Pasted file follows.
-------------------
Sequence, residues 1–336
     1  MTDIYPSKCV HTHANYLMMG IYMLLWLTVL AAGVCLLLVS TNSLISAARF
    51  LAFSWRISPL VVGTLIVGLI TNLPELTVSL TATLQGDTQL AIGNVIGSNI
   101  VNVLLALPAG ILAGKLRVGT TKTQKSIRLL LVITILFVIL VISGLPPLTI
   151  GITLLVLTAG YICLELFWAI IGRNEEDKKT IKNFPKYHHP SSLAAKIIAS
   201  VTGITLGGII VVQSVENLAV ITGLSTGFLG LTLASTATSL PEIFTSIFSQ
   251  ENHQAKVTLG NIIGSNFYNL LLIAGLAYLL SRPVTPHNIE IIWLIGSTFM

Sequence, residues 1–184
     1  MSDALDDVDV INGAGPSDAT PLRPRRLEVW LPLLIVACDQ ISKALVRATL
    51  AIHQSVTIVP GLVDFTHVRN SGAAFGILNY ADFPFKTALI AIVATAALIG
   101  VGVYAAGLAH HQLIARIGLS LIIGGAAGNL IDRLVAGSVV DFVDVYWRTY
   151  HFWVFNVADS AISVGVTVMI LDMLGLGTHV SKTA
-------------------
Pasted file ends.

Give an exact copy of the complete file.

Sequence, residues 1–336
     1  MTDIYPSKCV HTHANYLMMG IYMLLWLTVL AAGVCLLLVS TNSLISAARF
    51  LAFSWRISPL VVGTLIVGLI TNLPELTVSL TATLQGDTQL AIGNVIGSNI
   101  VNVLLALPAG ILAGKLRVGT TKTQKSIRLL LVITILFVIL VISGLPPLTI
   151  GITLLVLTAG YICLELFWAI IGRNEEDKKT IKNFPKYHHP SSLAAKIIAS
   201  VTGITLGGII VVQSVENLAV ITGLSTGFLG LTLASTATSL PEIFTSIFSQ
   251  ENHQAKVTLG NIIGSNFYNL LLIAGLAYLL SRPVTPHNIE IIWLIGSTFM

Sequence, residues 1–184
     1  MSDALDDVDV INGAGPSDAT PLRPRRLEVW LPLLIVACDQ ISKALVRATL
    51  AIHQSVTIVP GLVDFTHVRN SGAAFGILNY ADFPFKTALI AIVATAALIG
   101  VGVYAAGLAH HQLIARIGLS LIIGGAAGNL IDRLVAGSVV DFVDVYWRTY
   151  HFWVFNVADS AISVGVTVMI LDMLGLGTHV SKTA